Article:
FactCheck.Org We are a nonpartisan, nonprofit “consumer advocate” for voters that aims to reduce the level of deception and confusion in U.S. politics. 

Politifact From the beginning, PolitiFact focused on looking at specific statements made by politicians and rating them for accuracy. 

On The Media with Brooke Gladstone While maintaining the civility and fairness that are the hallmarks of public radio, OTM tackles sticky issues with a frankness and transparency that has built trust with over one million weekly radio and podcast listeners. OTM can be heard weekly on more than 400 stations and has a biweekly podcast. It has won the Edward R. Murrow Awards for feature reporting and investigative reporting, the National Press Club’s Arthur Rowse Award for Press Criticism, it is the only back-to-back winner of the Bart Richards award for media criticism, it is the winner of several Mirror Awards, and it has a Peabody Award for its body of work. 

Selected ebooks and streaming media from the Waltham Public Library 

Books on hoopla 

New American Creed by David Kames 

United States Civics by various authors 

Taking Action For Civil And Political Rights by Eric Braun 

Key Civil Rights Laws by Kathryn Ohnaka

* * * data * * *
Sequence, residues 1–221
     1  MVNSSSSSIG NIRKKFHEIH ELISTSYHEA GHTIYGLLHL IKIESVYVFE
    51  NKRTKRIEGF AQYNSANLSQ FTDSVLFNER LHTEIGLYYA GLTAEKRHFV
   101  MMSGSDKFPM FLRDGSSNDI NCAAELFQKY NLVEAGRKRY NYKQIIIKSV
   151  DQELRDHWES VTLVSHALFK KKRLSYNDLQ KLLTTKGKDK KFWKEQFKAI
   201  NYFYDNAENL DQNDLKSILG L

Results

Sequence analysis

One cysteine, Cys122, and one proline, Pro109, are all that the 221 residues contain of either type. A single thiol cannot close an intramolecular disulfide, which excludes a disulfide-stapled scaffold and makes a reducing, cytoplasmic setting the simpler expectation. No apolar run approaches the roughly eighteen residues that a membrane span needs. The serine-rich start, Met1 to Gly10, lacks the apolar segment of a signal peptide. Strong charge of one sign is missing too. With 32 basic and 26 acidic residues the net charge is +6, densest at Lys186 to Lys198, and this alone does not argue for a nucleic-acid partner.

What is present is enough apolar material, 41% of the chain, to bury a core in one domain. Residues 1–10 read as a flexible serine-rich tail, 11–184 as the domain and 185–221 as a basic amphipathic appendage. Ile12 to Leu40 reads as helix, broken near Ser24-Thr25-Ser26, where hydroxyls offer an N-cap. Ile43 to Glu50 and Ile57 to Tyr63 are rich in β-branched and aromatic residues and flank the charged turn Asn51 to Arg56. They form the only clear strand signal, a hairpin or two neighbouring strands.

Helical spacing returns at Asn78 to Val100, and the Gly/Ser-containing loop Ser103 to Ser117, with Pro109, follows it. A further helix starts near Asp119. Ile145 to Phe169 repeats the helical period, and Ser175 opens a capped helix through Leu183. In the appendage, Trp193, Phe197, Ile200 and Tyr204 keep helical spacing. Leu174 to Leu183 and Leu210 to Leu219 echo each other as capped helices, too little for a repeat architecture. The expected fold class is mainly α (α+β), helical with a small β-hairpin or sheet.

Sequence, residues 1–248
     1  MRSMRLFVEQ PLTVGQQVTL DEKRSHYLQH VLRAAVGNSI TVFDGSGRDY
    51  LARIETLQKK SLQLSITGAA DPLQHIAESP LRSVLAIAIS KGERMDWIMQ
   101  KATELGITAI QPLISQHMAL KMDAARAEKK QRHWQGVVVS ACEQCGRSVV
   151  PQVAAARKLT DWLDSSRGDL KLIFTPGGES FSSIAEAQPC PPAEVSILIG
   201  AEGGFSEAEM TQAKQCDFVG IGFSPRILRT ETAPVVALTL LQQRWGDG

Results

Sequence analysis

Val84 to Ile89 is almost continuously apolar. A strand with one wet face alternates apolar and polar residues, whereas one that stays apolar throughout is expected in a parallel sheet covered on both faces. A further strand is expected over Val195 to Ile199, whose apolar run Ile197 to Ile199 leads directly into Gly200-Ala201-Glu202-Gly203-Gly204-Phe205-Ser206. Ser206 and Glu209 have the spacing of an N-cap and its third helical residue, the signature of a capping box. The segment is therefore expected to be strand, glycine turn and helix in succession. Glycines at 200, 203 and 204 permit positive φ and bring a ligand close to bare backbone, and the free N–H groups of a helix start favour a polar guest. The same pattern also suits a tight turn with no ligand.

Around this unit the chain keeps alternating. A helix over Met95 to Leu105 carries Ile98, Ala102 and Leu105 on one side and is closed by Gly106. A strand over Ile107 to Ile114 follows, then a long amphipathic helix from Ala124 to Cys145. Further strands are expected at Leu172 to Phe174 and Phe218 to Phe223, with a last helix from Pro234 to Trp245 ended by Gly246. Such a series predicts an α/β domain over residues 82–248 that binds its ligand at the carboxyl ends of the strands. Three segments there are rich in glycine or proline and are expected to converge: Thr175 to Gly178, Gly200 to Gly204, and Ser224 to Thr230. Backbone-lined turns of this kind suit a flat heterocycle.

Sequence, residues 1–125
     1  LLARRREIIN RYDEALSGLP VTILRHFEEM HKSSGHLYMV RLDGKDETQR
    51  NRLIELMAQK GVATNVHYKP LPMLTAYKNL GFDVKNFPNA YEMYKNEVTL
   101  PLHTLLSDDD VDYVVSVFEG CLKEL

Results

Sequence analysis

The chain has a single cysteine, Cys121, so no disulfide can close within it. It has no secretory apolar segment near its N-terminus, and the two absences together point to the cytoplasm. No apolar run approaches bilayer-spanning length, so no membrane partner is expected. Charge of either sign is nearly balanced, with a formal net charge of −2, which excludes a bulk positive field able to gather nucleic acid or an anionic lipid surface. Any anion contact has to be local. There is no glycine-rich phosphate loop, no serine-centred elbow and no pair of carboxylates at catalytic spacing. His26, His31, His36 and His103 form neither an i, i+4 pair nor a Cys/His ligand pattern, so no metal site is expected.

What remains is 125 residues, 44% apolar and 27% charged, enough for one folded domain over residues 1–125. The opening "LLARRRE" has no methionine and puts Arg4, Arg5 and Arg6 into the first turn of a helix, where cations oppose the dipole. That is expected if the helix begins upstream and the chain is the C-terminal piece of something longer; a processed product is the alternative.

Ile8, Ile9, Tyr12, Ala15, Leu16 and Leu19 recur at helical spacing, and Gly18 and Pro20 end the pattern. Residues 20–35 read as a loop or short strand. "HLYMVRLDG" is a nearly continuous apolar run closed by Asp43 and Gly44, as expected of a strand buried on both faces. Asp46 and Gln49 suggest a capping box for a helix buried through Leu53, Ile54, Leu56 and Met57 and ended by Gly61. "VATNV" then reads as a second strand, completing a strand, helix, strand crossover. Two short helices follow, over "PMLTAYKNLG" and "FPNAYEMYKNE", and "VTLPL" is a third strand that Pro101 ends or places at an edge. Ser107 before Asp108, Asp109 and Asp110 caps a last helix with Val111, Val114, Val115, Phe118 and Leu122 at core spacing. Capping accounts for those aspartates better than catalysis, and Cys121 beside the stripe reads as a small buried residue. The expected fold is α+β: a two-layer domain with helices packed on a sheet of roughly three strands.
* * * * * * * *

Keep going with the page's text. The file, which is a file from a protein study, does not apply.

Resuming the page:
Rise Up: The Art Of Protest by Jo Rippon and Marie Copeny 

The Immigrant Rights Movement by Walter J. Nicholls 

Incarceration: Punishment Or Rehabilitation? by Erin McCoy 

International Human Rights, Global Policy And Global Development by various authors 


The Racial Healing Handbook: Practical Activities To Help You Challenge Privilege, Confront Systemic Racism, And Engage In Collective Healing by Annaleise A. Singh 

Youth Civic And Political Engagement by Martyn Barrett and Dimitra Patchi 

Titles about Discrimination Here 


Just Do It: Environmental Activists Engaged In Non-Violent Protest 

Social And Systemic Injustice Titles Here 

Podcasts of Interest 

Boston Connection Podcast Boston Connection é um projeto de quatro amigos (Fernando, Luiz, Matheus e Rafael) para aproveitar as longas conversas e transformar em algo produtivo. Aqui discutiremos esportes, política e o que for notícia no ‘triângulo’ São Paulo, Uberlândia e Boston. 

All Rev’d Up​ All Rev’d Up explores where faith intersects politics and culture. Reverend Irene Monroe and Reverend Emmett G. Price III come from different black faith perspectives, they’re of different generations, they hail from different parts of the country, and they come together in this podcast to talk about faith in a different way. 

Under The Radar With Callie Crossley​ Under the Radar with Callie Crossley looks to alternative presses and community news for stories that are often overlooked by big media outlets. In our roundtable conversation, we aim to examine the small stories before they become the big headlines with contributors in Boston and New England. 

Women Veterans Rock! 2020 Season Of Civic Engagement Podcast Series examines the challenges, opportunities and barriers facing America’s Women Veterans as they transition from military service back into civilian life. 

Democracy Now: The War And Peace Report On Democracy Now!, you’ll hear a diversity of voices speaking for themselves, providing a unique and sometimes provocative perspective on global events.